So, I started as an ornithologist, someone who studies birds and I knew birds really well. And then I started on a research project that also studied what birds eat, which is insects. And then when I learned about, like, all of these specializations that were occurring and then, and then finding out that more than 90% of our plant-eating insects are specialized to just a few plants. I was like, mind blown. And I already had a degree, you know?
Tenijah Hamilton: That is wild. Okay, so put it all together for me. Can you talk about how the plants affect the insects, and then how those insects affect the birds?
Desiree Narango: It's definitely all interconnected. Insects and plant-eating insects in particular, like caterpillars, are really wonderful sources of protein, which is great for building bones and growing feathers. And so these plants that support a lot of the different species of insects are also supporting a lot of different species of birds, too.
Desiree Narango: When we think about conserving species, we also need to think about conserving species interactions, because it's not enough to just think about one species and maybe one habitat that they need, but think about all of those connections that lead to that songbird being able to produce young or that bumblebee being able to survive the winter.
Tenijah Hamilton: Every region has its own set of native plants, right? And new species. If I'm like, okay, I want to make a change, I'm influenced — you've done it, Desiree, you have changed me for the better — how do you even know what plants you should be getting? Who do you ask?
Desiree Narango: Sure. So one of the first places that you can start to get really wonderful information is your local extension center at a university that will give you information on what plants are native, which ones are invasive, what’s really local to the ecosystems that are around you.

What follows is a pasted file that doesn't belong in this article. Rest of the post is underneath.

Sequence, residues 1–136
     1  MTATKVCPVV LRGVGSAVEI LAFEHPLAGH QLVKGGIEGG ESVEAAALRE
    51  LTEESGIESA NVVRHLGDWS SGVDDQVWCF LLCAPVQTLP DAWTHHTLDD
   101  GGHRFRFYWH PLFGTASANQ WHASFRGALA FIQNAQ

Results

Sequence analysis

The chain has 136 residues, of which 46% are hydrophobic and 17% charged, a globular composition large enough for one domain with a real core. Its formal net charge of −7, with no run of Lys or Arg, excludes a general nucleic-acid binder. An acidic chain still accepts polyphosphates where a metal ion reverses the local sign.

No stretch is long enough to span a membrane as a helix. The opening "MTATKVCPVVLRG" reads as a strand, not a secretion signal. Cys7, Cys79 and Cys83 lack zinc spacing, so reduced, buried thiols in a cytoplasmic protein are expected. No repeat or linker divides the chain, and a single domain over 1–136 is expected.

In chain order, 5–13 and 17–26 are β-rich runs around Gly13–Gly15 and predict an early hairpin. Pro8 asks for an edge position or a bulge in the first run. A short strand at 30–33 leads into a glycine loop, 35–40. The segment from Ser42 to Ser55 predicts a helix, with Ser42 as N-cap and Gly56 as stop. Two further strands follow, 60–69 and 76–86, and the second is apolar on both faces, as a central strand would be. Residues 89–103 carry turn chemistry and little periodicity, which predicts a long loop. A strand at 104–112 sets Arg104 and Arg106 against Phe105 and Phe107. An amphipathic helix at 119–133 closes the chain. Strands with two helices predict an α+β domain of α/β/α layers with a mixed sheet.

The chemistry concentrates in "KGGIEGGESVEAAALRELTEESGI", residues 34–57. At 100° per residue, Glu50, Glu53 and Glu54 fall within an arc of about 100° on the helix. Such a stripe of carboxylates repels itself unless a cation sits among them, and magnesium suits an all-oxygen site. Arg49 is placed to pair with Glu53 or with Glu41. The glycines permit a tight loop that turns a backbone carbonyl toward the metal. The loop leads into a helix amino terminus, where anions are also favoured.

And then there's also some resources online. So the National Wildlife Federation and the National Audubon Society both have websites that you can visit where you can plug in your zip code and it can give you some lists of things that are native to your area, and also some recommendations for plants that might be great for birds or great for insects.
Tenijah Hamilton: Alright, so there's what I can choose to do as an individual, but I'm also really interested in how this issue intersects with policy. What can be done on a governmental level to bring back and boost the populations of native plants?
Desiree Narango: What we need is better incentives and initiatives. And you know, especially for restoration and management of urban and suburban areas. Policy happens at all kinds of levels — so at the state, at the town level. And so towns can make huge differences. I think actually Somerville, Massachusetts, was the first town in the United States to require that 80% of their trees are native in the street tree canopy, which is a huge thing.
Tenijah Hamilton: So Doug Tallamy, who was one of your advisors for your PhD research, he's an ecologist who has helped create this initiative called the Homegrown National Park. Can you tell me a little more about what that is?